Print Books or E-Readers, That Is the Question

Moreover, researchers at West Chester University have found that, “… the very ‘richness’ of the multimedia environment that a course in miracles mexico provide-heralded as their advantage over printed books-may overwhelm children’s limited working memory, leading them to lose the thread of the narrative or to process the meaning of the story less deeply.” Their conclusion: “E-books can, at worst, result in far lower reading comprehension as kids skip whole pages in search of noise-making character illustrations, interactive passages, and other distractions.”

Bottom line: Don’t be too quick to give up the reins to tech. After all, print books have other advantages over e-readers, too. As Ferri Jabr reminds us, “In most cases, paper books have a more obvious topography than on-screen text. An open paper book presents a reader with two clearly defined domains-the left and right pages-and a total of eight corners with which to orient oneself. A reader can focus on a single page of a paper book without losing sight of the whole text.”

Never thought of that, right? What’s more, not only don’t print books need recharging or come with a sleep-interfering backlight, they’re collectible, shareable, easily savored over and over again, and…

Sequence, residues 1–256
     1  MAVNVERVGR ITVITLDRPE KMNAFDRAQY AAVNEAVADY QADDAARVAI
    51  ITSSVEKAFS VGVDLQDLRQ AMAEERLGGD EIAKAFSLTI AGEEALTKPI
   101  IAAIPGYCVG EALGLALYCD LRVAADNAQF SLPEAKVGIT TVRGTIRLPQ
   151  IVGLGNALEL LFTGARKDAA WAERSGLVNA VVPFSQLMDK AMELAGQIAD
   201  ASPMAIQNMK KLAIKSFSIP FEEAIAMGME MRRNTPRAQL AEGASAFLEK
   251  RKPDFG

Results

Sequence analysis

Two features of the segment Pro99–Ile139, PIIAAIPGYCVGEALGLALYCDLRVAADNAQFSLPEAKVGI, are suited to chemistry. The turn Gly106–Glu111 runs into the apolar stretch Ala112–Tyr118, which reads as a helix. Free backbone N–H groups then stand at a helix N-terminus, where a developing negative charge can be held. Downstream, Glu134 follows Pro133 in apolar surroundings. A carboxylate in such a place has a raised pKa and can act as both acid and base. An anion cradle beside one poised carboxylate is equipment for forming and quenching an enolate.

• Nothing beats a trip to a bookstore or library, scanning book after book until finding the perfect one. Favorites are usually self-chosen.
  • Readers benefit from simply holding a book with both hands, turning its pages, flipping back and forth, and dog-earing their place-a true sensory experience.
  • A book’s physicality slows things down, allowing for deeper reading-no distracting bells and whistles, no temptation to multi-task.
  • You know how much you’ve read and how much remains; you always know where you are in the book.
  • It’s easy to flip back to prior pages to double-check details, who’s who, etc.
  • Highlighting and making notations in the margins-and finding them later-are never a problem.
  • Reading skills are enhanced as a reader, first on their own, uses context, context clues, and structural analysis to help uncover a word’s meaning.

And here’s yet one more thing paper has over a screen: No Computer Vision Syndrome, aka Digital Eye Strain. That, says the American Optometric Association, refers toa group of eye and vision-related problems that result from prolonged computer, tablet, e-reader and cell phone use.” The result” eyestrain, vision problems, and/or headaches that worsen with extended screen time.

In other words, don’t discount print books-or the brick-and-mortar stores that sell them-just yet. Kids certainly haven’t, according to a recent Scholastic survey, which found that:

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